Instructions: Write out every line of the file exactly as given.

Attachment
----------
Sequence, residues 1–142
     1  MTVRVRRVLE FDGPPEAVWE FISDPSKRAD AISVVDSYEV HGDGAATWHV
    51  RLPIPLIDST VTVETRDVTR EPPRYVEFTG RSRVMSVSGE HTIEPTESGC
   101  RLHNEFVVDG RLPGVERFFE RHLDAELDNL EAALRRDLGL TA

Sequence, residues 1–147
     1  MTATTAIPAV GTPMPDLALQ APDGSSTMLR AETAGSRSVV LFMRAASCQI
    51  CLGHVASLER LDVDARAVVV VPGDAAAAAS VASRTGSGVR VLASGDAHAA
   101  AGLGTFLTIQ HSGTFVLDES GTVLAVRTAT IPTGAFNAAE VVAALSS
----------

Sequence, residues 1–142
     1  MTVRVRRVLE FDGPPEAVWE FISDPSKRAD AISVVDSYEV HGDGAATWHV
    51  RLPIPLIDST VTVETRDVTR EPPRYVEFTG RSRVMSVSGE HTIEPTESGC
   101  RLHNEFVVDG RLPGVERFFE RHLDAELDNL EAALRRDLGL TA

Sequence, residues 1–147
     1  MTATTAIPAV GTPMPDLALQ APDGSSTMLR AETAGSRSVV LFMRAASCQI
    51  CLGHVASLER LDVDARAVVV VPGDAAAAAS VASRTGSGVR VLASGDAHAA
   101  AGLGTFLTIQ HSGTFVLDES GTVLAVRTAT IPTGAFNAAE VVAALSS